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Three more arrests in Sports Offshore credit betting bust

TAGs: Antigua, sports offshore, WTO

Sports-Offshore-Credit-BettingThree more men have been charged in the Sports Offshore case, the first example of prosecutions stemming from alleged violations of the 2006 Unlawful Internet Gambling Enforcement Act. While the prosecutors are having great fun mentioning Antigua every chance they get, CalvinAyre.com has established that the individuals charged in this case did not have a license to operate in Antigua. Sports Offshore was a credit operation, with most of the money changing hands within US borders, in cash. Operating a credit betting outfit is illegal in Antigua, and thus even if the operators had sought a license, none would ever have been granted. So, far from this being an example of Antigua enabling people to break US laws, it’s a case of US citizens exploiting Antigua to get around the laws in their home country.

Post-up wagering, in which a punter needs to fund an account before any betting can commence, is legal in Antigua, assuming you can obtain a government license. The right of Antigua to issue such licenses was validated by the World Trade Organization way back in 2004, a ruling that has been upheld in every appeal launched by US trade representatives. Despite these victories, the US continues to thumb its nose at Antigua, and by extension, the WTO and the entire system of international commerce.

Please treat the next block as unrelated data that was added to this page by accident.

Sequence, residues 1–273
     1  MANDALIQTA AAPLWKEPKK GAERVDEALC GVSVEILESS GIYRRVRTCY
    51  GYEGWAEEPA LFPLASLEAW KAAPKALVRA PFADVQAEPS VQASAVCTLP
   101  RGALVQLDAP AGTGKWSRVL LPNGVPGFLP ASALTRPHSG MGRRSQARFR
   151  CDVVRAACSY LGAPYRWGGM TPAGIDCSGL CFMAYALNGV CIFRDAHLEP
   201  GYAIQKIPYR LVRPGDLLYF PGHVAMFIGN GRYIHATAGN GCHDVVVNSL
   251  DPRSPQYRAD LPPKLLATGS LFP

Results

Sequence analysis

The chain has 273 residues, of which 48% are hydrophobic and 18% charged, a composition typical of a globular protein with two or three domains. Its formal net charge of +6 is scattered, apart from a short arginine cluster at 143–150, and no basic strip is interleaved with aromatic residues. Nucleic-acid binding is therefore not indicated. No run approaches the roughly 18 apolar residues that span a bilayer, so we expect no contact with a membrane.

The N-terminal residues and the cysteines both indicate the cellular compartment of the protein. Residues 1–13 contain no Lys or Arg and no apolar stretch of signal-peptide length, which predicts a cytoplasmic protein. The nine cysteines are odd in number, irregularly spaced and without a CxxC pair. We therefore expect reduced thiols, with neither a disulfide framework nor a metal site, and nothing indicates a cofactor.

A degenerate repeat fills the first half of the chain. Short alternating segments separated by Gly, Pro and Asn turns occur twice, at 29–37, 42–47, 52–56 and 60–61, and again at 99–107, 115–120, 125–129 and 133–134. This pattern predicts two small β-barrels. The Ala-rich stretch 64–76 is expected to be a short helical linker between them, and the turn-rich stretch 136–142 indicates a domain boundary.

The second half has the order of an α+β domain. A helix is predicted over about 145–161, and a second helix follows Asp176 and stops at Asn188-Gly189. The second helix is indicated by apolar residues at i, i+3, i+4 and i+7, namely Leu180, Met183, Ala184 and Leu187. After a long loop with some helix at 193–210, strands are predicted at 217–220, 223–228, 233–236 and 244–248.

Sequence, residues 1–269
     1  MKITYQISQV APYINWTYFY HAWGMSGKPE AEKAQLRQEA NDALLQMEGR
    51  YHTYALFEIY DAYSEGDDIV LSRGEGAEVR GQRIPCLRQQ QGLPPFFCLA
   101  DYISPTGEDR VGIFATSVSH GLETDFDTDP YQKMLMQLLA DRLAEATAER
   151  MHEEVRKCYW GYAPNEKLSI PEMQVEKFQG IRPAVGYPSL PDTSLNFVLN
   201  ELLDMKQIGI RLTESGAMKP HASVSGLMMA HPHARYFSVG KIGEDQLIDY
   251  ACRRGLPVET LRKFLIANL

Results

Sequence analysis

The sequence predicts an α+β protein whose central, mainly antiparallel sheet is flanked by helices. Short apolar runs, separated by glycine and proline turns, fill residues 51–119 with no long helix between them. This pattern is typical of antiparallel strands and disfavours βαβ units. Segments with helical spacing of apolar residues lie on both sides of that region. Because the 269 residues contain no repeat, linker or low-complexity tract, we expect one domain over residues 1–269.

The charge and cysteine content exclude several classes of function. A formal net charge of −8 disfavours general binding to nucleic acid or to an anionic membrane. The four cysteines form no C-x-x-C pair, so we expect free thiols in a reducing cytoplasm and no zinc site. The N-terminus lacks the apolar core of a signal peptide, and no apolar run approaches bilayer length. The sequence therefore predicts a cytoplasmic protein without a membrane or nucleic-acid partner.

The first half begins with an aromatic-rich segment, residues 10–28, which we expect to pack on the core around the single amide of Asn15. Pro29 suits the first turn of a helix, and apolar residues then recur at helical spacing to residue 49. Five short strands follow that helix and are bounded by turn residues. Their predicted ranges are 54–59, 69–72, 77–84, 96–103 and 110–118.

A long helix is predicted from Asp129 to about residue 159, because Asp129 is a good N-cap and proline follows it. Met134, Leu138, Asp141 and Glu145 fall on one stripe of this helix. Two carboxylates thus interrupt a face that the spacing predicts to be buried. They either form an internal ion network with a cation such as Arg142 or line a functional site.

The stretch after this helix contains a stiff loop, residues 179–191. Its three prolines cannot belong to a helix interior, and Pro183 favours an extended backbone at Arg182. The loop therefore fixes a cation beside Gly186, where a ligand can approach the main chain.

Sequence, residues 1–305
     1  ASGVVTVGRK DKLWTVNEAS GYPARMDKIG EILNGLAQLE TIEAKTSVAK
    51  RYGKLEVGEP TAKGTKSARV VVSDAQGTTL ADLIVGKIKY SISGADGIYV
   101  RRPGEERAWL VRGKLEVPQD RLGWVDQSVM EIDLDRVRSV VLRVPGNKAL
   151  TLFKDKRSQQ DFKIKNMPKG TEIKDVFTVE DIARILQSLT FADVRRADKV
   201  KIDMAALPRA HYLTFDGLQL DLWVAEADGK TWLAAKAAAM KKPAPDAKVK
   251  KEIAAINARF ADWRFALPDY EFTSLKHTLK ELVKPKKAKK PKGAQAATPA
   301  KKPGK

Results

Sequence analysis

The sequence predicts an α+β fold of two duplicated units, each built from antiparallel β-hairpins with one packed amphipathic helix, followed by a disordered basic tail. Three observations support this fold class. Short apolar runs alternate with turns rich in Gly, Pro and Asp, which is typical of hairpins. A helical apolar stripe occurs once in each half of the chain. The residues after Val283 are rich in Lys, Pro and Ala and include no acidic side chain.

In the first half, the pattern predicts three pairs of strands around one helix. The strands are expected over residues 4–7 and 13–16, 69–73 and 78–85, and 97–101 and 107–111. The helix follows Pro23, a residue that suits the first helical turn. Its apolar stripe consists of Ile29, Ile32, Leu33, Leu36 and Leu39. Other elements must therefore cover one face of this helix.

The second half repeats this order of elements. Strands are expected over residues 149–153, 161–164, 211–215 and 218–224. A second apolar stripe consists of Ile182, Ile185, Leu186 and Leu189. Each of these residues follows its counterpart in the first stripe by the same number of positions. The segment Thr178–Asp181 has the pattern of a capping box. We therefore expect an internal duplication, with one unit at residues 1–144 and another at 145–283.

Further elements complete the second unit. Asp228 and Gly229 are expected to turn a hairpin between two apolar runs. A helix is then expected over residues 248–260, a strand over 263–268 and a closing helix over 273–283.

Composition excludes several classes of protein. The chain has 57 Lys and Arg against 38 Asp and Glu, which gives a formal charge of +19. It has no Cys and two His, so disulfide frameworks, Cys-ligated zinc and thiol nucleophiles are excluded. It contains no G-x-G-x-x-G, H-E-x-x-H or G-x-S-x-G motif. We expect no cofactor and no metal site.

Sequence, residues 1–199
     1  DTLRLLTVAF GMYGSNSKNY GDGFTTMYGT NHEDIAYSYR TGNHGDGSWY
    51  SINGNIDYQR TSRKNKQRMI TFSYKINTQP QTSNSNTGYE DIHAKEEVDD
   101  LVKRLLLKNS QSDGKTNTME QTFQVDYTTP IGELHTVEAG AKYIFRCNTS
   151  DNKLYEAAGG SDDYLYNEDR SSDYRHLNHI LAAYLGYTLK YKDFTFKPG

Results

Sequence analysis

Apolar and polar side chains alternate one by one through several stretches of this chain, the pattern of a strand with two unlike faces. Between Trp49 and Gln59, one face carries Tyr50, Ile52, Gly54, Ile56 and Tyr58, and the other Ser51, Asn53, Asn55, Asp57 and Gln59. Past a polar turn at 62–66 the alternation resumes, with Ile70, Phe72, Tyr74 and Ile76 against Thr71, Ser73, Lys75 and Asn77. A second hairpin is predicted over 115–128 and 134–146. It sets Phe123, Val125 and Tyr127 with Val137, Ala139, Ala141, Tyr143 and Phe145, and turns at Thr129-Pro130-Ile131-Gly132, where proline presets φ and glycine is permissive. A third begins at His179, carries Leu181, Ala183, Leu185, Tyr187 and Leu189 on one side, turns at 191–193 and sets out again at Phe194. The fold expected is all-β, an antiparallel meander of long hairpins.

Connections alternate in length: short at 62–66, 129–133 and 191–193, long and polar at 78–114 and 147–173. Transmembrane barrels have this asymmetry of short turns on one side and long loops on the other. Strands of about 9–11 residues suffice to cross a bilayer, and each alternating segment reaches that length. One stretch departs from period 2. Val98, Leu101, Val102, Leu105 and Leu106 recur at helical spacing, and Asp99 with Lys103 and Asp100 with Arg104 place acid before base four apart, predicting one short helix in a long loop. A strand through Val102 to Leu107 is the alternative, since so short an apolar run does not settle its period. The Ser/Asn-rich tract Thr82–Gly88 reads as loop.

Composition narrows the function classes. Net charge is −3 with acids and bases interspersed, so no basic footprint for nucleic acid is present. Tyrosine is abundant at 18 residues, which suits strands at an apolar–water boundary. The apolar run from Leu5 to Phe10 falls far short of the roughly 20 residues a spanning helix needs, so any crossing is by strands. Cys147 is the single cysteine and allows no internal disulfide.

Besides being the first ever example of the UIGEA being used to prosecute anyone, what makes this Sports Offshore case even more unusual is that it’s not really a particularly apt test of the UIGEA’s specific prohibitions. But that’s pretty much par for the course. The UIGEA was recognized as a daft piece of legislation from the moment it was written, which is why it was only passed after being attached to a completely unrelated port security bill in the dead of night after little debate. With banks resisting its onerous imposition on their activities, it took four long years for the legislation to even take effect, and now, with the favorable reception given to HR2267, Congress is moving in the polar opposite direction. Given the prevailing sentiment, it’s entirely conceivable that the UIGEA will not be around in another year or so, so if the Sports Offshore guys are convicted for their activities, they may go down in history as the only scalps on the UIGEA’s lodge pole. Read more.

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